A credit report is an inexact record of your financial history. Unfortunately, if the lender (in this case TERI and/or Nelnet) has no record of who it sold your collection account to, and the collection agent that bought your account has not reported it to the consumer credit reporting agencies, then you have no way of learning who owns the rights to your collection account. I have three suggestions:
  1. Make your student loan payments to a separate savings account that you do not otherwise touch.
  2. If and when the collection agent contacts you about the debt, validate the debt.
  3. If the collection agent validates the debt, negotiate a settlement of the debt. Use your savings in the separate account I just mentioned and offer the collection agent a lump-sum settlement.

Regarding your credit score, it takes one slip to damage it and years to repair that damage. See the Bills.com resource Improve Your Credit Score to learn what steps you can take to improve your credit score.

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Bills.com
January 21, 2010
Was the amount borrowed a private student loan? If so, then help your son complete the forbearance form and verify that the form is completed fully and accurately. Send Bank of America the completed form via certified mail. If Bank of America loses the complete form again, then keep resending it until it lands in the correct place. Bank of America is under no obligation to renegotiate the balance due. However, if you can put together a lump-sum of $18,000 then there is no harm in offering a settlement.
Vicki B.
January 20, 2010
I talked my husband in to co-signing for my sons private school loan with Bank Of America in 1994. Now they started harrassing my son because he just started a full time job and hasn't been able to keep up the payments. Now they are harrasing us and my husband is now retired. My son has tried to put it in forebarence. They send him the papers he sends them back and still nothing happens. It started out as a 15,000 loan but is now 24,000. If we were able to do a pay off do you think they would settle for 18,000 to 20,000 and knock off some off the interest? Everytime we call them it's like no one ever knows what there doing. One says they can but it in forbarence then we get a call and they say no. I am so fed up with them!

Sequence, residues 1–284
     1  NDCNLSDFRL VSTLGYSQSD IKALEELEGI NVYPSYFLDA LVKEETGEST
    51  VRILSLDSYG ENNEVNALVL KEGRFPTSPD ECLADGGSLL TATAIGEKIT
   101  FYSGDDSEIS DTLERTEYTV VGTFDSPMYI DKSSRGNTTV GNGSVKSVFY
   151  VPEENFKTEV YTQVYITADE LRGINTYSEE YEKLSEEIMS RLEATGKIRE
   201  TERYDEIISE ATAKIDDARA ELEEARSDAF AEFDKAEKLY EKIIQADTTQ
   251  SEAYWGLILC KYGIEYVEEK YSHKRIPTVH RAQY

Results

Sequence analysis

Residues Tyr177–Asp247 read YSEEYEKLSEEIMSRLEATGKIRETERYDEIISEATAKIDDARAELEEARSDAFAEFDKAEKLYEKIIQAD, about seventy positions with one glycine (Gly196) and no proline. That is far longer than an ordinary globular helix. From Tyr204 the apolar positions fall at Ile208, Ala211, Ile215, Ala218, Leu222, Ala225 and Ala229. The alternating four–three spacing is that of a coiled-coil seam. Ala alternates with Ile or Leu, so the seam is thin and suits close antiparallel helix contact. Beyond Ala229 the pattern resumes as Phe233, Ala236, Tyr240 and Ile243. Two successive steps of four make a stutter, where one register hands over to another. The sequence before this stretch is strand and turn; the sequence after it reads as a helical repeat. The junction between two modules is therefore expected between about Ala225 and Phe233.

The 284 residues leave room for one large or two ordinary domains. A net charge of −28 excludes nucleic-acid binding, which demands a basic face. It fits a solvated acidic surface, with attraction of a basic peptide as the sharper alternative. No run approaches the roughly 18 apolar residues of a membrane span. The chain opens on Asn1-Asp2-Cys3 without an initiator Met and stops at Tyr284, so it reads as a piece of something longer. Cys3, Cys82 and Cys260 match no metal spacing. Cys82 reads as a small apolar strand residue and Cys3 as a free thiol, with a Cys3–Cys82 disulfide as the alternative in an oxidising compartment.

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Bills.com
December 29, 2009
If you are expecting to return to school in January 2010 and do not have your financial aid settled now in late December 2009, I think it will be a challenge for you to register for class. Be that as it may or may not be, accept the plan the creditor presented and apply for another student loan. Do what you can to get a federal student loan. Federal student loans are forgiven if the student dies or becomes disabled, which is not the case for private student loans. Go to the Free Application for Federal Student Aid (FAFSA) Web site to start the application process now.
Evelyn .
December 29, 2009
hello, i have a couple of questions. One my father and i took out a TERI loan for, I am the Co-Borrower. When i started paying the loan back i was doing ok every month everything was fine. Then i had to leave my jod due to the fact that i was diagnosed with 2 herniated discs. I have no sort of income and i haven't payed anything towards the loan neither has my father. The collectors are harassing and i explained the situation to them and now they want me to start paying $86 a month for 6 months them after that, it will go up to $220 a month. I wanted to know if i wanted to start school in january will i be able to get financial aid through my mother? She is the one taking care of my brothers and I. i dont know how to go about this and stressed out at the fact that i may not get financial aid to go back to school.
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Lipin P.
Aberdeen, OH  |  June 17, 2013
I appreciate all important delegates who are behind this program! As we all know the future of the nation is in the shoulder of pour youth! They have to undergo lots of financial struggles to complete their education! A settlement program for their loans is something that helps them a lot!